# CSe2 Lewis structure

CSe2 (carbon diselenide) has one carbon atom and two selenium atoms.

In the CSe2 Lewis structure, there are two double bonds around the carbon atom, with two selenium atoms attached to it, and on each selenium atom, there are two lone pairs.

Contents

## Steps

To properly draw the CSe2 Lewis structure, follow these steps:

#1 Draw a rough sketch of the structure
#2 Next, indicate lone pairs on the atoms
#3 Indicate formal charges on the atoms, if necessary
#4 Minimize formal charges by converting lone pairs of the atoms
#5 Repeat step 4 if necessary, until all charges are minimized

Let’s break down each step in more detail.

### #1 Draw a rough sketch of the structure

• First, determine the total number of valence electrons

In the periodic table, carbon lies in group 14, and selenium lies in group 16.

Hence, carbon has four valence electrons and selenium has six valence electrons.

Since CSe2 has one carbon atom and two selenium atoms, so…

Valence electrons of one carbon atom = 4 × 1 = 4
Valence electrons of two selenium atoms = 6 × 2 = 12

And the total valence electrons = 4 + 12 = 16

• Second, find the total electron pairs

We have a total of 16 valence electrons. And when we divide this value by two, we get the value of total electron pairs.

Total electron pairs = total valence electrons ÷ 2

So the total electron pairs = 16 ÷ 2 = 8

• Third, determine the central atom

We have to place the least electronegative atom at the center.

Since carbon and selenium have the same electronegativity value, we can assume any one as the central atom, right?

But if we place selenium in the center and carbon outside, and calculate the formal charge, then we do not get the formal charges on atoms closer to zero.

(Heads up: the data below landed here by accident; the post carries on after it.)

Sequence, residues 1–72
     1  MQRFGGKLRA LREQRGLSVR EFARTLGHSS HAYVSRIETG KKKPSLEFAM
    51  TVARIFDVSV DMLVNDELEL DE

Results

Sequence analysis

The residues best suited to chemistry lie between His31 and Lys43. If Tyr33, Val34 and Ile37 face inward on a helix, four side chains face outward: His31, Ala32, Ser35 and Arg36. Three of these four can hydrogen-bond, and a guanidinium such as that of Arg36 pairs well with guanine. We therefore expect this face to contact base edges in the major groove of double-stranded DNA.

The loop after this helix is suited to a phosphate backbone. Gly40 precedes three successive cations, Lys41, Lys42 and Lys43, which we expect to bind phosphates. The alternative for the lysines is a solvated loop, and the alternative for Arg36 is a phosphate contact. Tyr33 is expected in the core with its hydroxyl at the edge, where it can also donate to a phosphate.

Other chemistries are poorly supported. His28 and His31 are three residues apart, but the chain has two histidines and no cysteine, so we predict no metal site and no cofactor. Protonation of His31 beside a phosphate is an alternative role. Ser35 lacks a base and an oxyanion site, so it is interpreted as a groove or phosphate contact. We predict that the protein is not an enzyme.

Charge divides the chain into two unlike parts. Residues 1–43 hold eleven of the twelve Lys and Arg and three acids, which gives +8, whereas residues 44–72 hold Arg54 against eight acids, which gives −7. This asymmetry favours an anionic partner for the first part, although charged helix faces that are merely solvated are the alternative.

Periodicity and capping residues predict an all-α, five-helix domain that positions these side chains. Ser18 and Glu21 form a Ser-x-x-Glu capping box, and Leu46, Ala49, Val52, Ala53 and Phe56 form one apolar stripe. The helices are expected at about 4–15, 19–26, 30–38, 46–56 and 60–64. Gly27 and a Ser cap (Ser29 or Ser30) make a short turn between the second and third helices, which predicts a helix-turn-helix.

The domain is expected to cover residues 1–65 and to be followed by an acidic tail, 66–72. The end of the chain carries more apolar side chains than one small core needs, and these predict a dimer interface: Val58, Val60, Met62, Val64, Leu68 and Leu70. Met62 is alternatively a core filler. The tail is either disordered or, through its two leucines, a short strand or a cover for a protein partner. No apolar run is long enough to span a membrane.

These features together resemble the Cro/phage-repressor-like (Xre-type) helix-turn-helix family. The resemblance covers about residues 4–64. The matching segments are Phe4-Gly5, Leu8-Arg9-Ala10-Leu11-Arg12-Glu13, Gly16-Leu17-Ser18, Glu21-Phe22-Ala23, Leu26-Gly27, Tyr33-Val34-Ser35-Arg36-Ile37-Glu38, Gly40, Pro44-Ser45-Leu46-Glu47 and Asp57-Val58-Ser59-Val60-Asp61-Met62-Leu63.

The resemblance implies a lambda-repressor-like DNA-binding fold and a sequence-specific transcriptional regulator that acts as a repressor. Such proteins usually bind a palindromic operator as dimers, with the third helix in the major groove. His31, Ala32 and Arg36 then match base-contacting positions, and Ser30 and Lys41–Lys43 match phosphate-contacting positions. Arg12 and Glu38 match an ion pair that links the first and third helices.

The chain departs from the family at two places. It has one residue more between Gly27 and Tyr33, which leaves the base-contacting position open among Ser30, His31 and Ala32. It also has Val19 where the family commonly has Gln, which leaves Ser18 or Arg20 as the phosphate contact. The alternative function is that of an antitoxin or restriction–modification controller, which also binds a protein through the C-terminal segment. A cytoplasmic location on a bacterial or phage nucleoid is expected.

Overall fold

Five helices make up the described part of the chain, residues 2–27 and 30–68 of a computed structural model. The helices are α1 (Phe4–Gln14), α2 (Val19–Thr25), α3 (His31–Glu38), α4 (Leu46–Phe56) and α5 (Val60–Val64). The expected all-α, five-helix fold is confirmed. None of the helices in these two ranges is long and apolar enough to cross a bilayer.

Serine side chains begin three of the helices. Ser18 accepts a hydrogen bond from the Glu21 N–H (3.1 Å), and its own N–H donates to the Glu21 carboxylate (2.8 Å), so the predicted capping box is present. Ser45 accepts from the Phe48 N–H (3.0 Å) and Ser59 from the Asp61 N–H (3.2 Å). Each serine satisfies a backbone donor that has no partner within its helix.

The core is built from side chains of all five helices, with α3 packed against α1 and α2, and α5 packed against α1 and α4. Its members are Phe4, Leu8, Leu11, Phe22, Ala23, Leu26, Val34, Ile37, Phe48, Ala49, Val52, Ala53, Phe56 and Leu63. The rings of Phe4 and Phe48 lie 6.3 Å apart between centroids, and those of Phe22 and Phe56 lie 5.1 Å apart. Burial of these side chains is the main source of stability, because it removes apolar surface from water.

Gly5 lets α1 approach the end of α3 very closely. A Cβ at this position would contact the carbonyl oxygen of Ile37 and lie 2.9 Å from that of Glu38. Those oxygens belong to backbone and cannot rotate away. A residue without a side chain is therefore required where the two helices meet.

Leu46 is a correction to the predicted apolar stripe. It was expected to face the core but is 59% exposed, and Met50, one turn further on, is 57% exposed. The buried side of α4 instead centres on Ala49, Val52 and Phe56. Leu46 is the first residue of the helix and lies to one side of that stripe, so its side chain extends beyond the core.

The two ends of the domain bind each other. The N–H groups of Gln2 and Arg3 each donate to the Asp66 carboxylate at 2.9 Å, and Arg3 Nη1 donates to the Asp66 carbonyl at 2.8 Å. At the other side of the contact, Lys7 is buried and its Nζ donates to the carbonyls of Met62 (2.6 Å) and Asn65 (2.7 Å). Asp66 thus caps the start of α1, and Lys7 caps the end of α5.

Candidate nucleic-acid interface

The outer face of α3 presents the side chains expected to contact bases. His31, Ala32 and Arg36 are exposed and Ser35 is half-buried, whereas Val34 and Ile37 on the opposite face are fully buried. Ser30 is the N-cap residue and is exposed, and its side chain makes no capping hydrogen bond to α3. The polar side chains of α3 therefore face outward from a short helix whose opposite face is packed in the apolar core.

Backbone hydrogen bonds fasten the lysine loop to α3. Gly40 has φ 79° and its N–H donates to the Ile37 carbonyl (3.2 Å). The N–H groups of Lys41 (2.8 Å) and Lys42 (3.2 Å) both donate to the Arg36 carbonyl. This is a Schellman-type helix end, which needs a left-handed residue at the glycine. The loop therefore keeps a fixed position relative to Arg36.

And the structure with the formal charges on atoms closer to zero is the best Lewis structure.

Hence, here we have to assume that the central atom is carbon.

Therefore, place carbon in the center and seleniums on either side.

• And finally, draw the rough sketch

### #2 Next, indicate lone pairs on the atoms

Here, we have a total of 8 electron pairs. And two C — Se bonds are already marked. So we have to only mark the remaining six electron pairs as lone pairs on the sketch.

Also remember that carbon is a period 2 element, so it can not keep more than 8 electrons in its last shell. And selenium is a period 3 element, so it can keep more than 8 electrons in its last shell.

Always start to mark the lone pairs from outside atoms. Here, the outside atoms are seleniums.

So for each selenium, there are three lone pairs, and for carbon, there is zero lone pair because all six electron pairs are over.

Mark the lone pairs on the sketch as follows:

### #3 Indicate formal charges on the atoms, if necessary

Use the following formula to calculate the formal charges on atoms:

Formal charge = valence electrons – nonbonding electrons – ½ bonding electrons

For carbon atom, formal charge = 4 – 0 – ½ (4) = +2

For each selenium atom, formal charge = 6 – 6 – ½ (2) = -1

Here, both carbon and selenium atoms have charges, so mark them on the sketch as follows:

The above structure is not a stable Lewis structure because both carbon and selenium atoms have charges. Therefore, reduce the charges (as below) by converting lone pairs to bonds.

### #4 Minimize formal charges by converting lone pairs of the atoms

Convert a lone pair of the selenium atom to make a new C — Se bond with the carbon atom as follows:

### #5 Repeat step 4 (minimize charges again)

Since there are charges on carbon and selenium atoms, again convert a lone pair of the selenium atom to make a new C — Se bond with the carbon atom as follows:

In the above structure, you can see that the central atom (carbon) forms an octet. And the outside atoms (seleniums) also form an octet. Hence, the octet rule is satisfied.

Also, the above structure is more stable than the previous structures. Therefore, this structure is the stable Lewis structure of CSe2.